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GWR 157 Classes (1862 and 1878)



222-157-1862.JPG.634835a591e1738433661886bbb0da88.JPGThere were actually two 157 classes. The first, above, was specified by Gooch and built by Sharp Stewart in 1862. They could be regarded as a development of the earlier 69 class with larger driving wheels. They were numbered 157-166. They were little altered in their lives, with only one receiving a new boiler, from an Armstrong Goods. They did receive weatherboards and it is possible that some may have been given open cabs.

Most were scrapped in 1878/9 when the new 157 class took over their numbers. The last three stayed in service until 1881; these survivors were renumbered 172-4 for their declining years.


I don't usually put drawings up here that are featured in my book unless very heavily updated, but I thought both 157 classes should be in this piece. Normally 19thC heavy rebuilds, even those reusing "only the space between the wheels" were classified as renewals, but RCTS tells us the second 157s were classified as new. Its interesting that even when renewals were effectively all new locomotives they tended to keep the same frame type as their predecessors as these did. As with most of the later 19thC classes they had a healthy variety of different boilers fitted over their lives, domes and domeless, belpaire or round topped box. This sketch is intended to be representative for around 1900. A little prototypical note though: I typically draw my locomotives bearing the class number, so 157 here. But to be strictly correct then as I read RCTS 157 herself  never actually ran with a domeless Belpaire firebox boiler. 


And finally a Wolverhampton variant of the class, discussed in comments below.



Edited by JimC

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157 with a roundtop firebox, at Leamington. It might have been shedded at Stafford Road at the time, which could account for the Wolverhampton chimney.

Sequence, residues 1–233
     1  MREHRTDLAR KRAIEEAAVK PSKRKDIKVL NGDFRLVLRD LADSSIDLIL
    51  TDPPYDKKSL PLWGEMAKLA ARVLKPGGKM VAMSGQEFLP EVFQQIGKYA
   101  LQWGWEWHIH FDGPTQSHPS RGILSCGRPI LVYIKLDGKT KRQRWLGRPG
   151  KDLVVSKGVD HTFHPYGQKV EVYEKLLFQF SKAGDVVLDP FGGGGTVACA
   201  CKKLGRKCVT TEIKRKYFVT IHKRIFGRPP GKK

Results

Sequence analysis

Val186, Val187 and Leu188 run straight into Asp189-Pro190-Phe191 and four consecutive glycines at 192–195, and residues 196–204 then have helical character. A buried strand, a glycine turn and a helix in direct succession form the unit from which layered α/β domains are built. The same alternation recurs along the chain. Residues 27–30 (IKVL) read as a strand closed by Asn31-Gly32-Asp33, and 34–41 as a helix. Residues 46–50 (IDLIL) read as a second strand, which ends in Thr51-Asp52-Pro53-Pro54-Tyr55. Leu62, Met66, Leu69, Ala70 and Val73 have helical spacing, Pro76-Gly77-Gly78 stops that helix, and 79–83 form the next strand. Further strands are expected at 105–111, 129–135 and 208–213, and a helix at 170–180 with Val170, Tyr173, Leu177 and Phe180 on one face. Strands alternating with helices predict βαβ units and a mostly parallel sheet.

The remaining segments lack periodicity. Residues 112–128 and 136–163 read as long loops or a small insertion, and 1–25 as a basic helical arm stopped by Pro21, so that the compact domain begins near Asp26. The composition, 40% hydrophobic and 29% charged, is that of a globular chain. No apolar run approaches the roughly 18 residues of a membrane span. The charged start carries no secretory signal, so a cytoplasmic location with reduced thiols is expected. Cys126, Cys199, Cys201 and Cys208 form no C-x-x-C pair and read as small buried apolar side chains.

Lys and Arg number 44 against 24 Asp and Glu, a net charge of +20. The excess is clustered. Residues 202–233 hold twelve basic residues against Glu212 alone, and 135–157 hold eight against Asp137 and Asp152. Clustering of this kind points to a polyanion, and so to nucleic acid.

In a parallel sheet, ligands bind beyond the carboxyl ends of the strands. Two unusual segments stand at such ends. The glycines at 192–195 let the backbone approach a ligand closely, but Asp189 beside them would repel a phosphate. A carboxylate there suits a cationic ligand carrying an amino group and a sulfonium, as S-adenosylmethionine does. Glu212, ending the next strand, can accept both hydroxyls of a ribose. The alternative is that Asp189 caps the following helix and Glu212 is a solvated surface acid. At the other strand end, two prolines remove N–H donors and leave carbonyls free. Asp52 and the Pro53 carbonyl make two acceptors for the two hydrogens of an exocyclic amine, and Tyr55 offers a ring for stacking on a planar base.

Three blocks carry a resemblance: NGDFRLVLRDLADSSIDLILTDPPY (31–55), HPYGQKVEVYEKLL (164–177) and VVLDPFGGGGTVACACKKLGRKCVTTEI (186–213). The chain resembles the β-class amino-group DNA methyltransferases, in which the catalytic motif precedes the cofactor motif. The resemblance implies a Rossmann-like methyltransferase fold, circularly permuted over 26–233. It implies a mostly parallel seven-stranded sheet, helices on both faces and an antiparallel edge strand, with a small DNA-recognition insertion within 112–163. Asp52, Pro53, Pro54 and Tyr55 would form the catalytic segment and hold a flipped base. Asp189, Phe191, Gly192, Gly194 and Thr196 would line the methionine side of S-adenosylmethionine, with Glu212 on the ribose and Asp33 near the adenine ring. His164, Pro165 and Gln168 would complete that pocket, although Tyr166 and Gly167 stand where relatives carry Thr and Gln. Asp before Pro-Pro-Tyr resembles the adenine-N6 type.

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According to RCTS 157 was Northern division based, and that boiler was fitted at Wolverhampton. I don't know if its just a freak angle, I suppose it must be, but it almost looks as if those rivet heads are polished metal! That photo is in RCTS but dark and muddy, that's a far better version with much more detail visible. I may attempt a sketch of that form. Very hard to distinguish between colours in that photo though isn't it. Really useful post, thank you.

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I think it is just the light catching the rivet heads at a particular angle.


On colours, I guess varnished black, varnished dark green and varnished dark red look very much the same, tonally, on the photographic emulsions of the day.



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  • RMweb Gold

Interesting how the lining on the tender comes across lighter. Painted/cleaned at different times, or just some sort of lighting deception?

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Here's a sketch from Miss prism's photo of 157 with a Wolverhampton boiler. I've given it what I hope approximates a Wolverhampton paint colour, but not the lining. You'd never run out of variations if you were modelling the Armstrong/Dean era locomotives would you?  I've also added this image to the original post so they are all together.

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On 13/02/2023 at 14:18, Mikkel said:

Interesting how the lining on the tender comes across lighter. Painted/cleaned at different times, or just some sort of lighting deception?


It's probably that curious tallow wax finish known as "guivering", which cleaners often applied to GWR tenders at the time.

Edited by dpgibbons
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